Late last year, Massey signed a letter of agreement with Blankenship, guaranteeing the CEO a base salary in 2010 and 2011 of $83,333 per month, plus a target cash incentive bonus award for each year of $1,500,000, and millions more in performance-based stock incentives. While compensation figures are not yet available for 2009, Blankenship made nearly $24 million in 2007 and $11.2 million in 2008. Earlier this year, he cashed in 200,000 shares of stock options—whose value had more than doubled, and pocketed $3.8 million.

Massey is literally able to get away with murder because it has friends in high places. In 2002, former president George Bush named former Massey Energy official Stanley Suboleski to the MSHA review commission that decides all legal matters under the Federal Mine Act. West Virginia’s Supreme Court justices have also received millions in campaign contributions, one even going along with Blankenship on a French Riviera vacation.

The United Mine Workers of America

While the company is notorious for buying politicians and judges, the most important factor that enables Massey and other companies to brutally exploit coal miners is the role of the United Mine Workers union (UMWA).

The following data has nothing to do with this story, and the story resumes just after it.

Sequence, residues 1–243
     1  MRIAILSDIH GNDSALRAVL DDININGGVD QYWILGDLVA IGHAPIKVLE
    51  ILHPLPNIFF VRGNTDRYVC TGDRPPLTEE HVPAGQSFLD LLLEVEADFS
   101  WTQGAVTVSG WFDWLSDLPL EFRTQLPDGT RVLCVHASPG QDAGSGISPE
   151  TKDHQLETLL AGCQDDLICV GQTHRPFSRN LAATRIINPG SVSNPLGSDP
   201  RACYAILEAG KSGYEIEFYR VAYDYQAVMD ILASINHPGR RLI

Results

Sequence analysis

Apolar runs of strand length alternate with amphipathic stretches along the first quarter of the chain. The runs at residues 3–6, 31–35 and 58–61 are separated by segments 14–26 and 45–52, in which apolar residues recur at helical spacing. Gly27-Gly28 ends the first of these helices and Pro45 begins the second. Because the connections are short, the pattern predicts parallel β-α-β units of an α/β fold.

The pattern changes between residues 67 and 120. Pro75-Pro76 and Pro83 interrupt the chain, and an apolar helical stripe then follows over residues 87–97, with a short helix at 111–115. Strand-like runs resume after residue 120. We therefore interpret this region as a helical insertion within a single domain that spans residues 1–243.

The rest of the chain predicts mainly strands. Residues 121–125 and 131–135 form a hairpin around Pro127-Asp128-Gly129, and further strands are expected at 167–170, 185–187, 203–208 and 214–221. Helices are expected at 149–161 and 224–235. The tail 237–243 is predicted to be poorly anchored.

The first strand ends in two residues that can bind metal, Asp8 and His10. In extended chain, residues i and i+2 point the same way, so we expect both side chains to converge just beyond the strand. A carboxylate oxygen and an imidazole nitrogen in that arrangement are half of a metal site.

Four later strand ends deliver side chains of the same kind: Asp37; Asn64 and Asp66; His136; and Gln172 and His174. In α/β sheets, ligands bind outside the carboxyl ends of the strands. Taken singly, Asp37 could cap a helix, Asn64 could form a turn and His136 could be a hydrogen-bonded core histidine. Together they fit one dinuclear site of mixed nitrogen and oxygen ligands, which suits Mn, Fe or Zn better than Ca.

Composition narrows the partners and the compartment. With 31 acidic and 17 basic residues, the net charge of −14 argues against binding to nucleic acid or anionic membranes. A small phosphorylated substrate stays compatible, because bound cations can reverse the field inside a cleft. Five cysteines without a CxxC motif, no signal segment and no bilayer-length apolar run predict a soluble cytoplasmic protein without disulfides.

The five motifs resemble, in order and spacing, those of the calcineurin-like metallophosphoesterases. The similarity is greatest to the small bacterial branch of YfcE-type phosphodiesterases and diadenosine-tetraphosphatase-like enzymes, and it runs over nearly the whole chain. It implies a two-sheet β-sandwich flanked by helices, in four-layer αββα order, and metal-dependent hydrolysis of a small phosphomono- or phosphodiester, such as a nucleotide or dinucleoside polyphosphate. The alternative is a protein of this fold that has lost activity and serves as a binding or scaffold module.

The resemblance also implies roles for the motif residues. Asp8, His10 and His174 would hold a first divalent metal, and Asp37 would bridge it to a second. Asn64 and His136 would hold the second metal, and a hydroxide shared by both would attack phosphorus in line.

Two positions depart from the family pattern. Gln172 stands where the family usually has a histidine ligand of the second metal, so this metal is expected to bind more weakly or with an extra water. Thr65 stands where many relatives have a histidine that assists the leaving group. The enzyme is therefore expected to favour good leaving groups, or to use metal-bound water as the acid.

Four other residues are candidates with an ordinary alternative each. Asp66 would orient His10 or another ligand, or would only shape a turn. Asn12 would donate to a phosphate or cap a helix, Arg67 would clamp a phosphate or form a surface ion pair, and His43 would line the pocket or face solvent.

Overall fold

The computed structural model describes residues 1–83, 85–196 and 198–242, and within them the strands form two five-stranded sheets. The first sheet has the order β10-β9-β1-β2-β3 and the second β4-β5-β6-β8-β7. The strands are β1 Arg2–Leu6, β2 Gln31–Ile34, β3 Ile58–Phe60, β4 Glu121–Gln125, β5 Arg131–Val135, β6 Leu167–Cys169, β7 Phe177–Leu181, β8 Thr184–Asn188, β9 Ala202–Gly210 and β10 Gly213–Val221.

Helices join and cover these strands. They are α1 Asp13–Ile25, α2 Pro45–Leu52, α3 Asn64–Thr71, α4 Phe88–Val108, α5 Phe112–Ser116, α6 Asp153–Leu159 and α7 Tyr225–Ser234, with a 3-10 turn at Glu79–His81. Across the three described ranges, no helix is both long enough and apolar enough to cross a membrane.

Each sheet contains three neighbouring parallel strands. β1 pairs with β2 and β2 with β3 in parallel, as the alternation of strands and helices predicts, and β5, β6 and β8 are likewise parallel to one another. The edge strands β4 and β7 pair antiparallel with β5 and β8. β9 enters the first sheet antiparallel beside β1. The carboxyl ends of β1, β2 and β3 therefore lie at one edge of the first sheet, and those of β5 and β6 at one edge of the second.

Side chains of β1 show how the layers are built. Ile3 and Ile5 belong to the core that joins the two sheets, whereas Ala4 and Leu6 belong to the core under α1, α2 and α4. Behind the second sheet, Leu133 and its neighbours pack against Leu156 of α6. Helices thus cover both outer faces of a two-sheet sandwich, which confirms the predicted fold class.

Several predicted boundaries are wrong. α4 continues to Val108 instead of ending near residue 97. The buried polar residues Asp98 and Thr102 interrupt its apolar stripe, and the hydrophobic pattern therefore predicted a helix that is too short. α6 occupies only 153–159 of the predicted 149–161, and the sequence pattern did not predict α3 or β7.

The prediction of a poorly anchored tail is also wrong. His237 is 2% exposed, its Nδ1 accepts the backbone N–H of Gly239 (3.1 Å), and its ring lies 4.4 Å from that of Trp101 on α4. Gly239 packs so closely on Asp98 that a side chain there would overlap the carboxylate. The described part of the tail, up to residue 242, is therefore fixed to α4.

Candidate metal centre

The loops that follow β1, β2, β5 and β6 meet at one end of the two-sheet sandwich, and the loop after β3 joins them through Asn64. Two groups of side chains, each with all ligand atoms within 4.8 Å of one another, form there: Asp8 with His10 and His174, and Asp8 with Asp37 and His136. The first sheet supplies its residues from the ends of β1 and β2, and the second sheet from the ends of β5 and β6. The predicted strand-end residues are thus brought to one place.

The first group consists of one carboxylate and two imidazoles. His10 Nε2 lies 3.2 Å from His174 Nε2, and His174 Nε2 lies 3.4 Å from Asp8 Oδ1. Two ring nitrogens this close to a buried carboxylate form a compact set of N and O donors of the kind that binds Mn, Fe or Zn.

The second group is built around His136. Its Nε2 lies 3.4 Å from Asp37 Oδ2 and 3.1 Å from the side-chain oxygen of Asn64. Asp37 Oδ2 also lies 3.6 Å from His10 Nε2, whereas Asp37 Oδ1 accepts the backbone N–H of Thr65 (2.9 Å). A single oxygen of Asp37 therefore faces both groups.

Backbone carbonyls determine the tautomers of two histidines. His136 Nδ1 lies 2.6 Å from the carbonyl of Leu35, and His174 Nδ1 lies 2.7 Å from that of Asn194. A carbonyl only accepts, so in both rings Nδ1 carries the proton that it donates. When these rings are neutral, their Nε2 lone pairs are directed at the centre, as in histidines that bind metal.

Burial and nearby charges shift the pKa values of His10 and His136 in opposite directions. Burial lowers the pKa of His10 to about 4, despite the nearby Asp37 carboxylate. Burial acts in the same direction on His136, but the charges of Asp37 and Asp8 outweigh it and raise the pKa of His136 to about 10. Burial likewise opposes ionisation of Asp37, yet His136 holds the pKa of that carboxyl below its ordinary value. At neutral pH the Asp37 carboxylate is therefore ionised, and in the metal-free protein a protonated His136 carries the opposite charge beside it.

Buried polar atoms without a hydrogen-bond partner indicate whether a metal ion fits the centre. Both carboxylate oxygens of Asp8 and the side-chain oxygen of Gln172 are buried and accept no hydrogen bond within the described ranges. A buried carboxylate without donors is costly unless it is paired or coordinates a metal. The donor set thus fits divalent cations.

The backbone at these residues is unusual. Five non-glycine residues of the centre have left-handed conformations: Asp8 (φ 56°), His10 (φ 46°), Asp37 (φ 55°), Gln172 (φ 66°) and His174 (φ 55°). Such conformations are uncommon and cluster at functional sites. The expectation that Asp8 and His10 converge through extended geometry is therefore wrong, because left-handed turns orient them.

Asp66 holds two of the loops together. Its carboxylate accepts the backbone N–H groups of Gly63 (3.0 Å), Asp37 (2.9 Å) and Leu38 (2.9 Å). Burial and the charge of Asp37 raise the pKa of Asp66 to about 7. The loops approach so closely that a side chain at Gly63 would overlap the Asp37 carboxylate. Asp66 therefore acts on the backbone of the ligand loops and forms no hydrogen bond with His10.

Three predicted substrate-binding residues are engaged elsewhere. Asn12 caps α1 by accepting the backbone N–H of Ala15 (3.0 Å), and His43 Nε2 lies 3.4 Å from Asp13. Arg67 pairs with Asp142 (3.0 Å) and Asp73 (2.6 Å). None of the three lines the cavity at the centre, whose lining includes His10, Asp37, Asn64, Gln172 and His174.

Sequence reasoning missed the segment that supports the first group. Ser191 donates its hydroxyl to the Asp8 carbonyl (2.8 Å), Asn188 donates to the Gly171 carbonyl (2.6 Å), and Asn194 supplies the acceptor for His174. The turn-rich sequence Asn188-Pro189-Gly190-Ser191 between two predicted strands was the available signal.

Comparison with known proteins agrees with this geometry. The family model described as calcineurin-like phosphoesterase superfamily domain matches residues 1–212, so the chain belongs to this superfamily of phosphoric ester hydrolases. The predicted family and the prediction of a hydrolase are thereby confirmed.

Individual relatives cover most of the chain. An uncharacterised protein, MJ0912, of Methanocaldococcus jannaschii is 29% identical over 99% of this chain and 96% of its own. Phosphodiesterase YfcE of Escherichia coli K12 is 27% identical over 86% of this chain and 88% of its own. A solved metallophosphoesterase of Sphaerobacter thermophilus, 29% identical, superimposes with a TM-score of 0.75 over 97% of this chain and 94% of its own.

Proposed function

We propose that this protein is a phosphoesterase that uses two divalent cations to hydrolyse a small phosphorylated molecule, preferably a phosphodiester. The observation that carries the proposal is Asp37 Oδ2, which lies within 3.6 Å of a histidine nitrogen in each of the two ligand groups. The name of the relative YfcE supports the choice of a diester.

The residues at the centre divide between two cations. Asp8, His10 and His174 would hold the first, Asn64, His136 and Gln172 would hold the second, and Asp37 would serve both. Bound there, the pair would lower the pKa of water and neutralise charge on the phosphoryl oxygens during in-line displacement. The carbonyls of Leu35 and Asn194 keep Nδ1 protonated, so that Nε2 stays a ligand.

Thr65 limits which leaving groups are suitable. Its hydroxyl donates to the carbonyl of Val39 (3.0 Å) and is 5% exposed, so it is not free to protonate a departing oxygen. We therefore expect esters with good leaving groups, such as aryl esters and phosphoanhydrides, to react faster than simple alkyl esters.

The UMWA established roots in southern West Virginia during the bitter Mine Wars of the 1920s and 1930s. Today, it represents only a small number of active miners in West Virginia, Kentucky and other Appalachian states. All told, the active membership of the UMWA has plummeted from over 120,000 in 1978 to 14,152 at present.

The struggles of coal miners led to a major increase in living standards, health care and other improvements. Today only Mississippi is poorer than West Virginia. Some of the most impoverished counties include McDowell and Mingo, two former strongholds of the UMWA.

The UMWA betrayal of the 1984-85 strike at what was then known as AT Massey set the stage for a drastic rollback in the working conditions and living standards of coal miners throughout the industry.

In September 1984, Massey refused to sign the Bituminous Coal Operators Association agreement—which set the standard for wages and benefits throughout the industry—and insisted that the UMW bargain separately with 14 different subsidiaries, maintaining the legal fiction that these were independent enterprises.